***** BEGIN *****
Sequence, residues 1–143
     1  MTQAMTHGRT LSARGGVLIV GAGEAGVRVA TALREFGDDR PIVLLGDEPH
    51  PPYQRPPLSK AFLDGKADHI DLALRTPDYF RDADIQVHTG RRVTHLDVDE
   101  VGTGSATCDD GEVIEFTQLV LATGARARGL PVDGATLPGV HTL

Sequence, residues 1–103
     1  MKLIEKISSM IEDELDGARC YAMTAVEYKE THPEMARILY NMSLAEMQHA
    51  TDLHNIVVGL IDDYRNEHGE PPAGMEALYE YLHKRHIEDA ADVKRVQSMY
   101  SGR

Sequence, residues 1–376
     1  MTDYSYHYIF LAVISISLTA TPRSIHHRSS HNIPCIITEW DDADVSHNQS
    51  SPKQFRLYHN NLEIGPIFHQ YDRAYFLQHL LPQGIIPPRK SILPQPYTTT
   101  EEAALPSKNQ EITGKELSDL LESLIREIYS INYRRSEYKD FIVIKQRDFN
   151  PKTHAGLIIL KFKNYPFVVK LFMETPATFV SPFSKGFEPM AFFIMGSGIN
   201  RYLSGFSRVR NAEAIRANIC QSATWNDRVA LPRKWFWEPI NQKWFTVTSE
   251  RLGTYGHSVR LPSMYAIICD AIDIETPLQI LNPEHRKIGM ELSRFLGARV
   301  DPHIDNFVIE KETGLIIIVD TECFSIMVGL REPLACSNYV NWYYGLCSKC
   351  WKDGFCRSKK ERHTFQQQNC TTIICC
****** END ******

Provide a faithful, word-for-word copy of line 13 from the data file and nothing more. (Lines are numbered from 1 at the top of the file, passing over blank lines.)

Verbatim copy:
   151  PKTHAGLIIL KFKNYPFVVK LFMETPATFV SPFSKGFEPM AFFIMGSGIN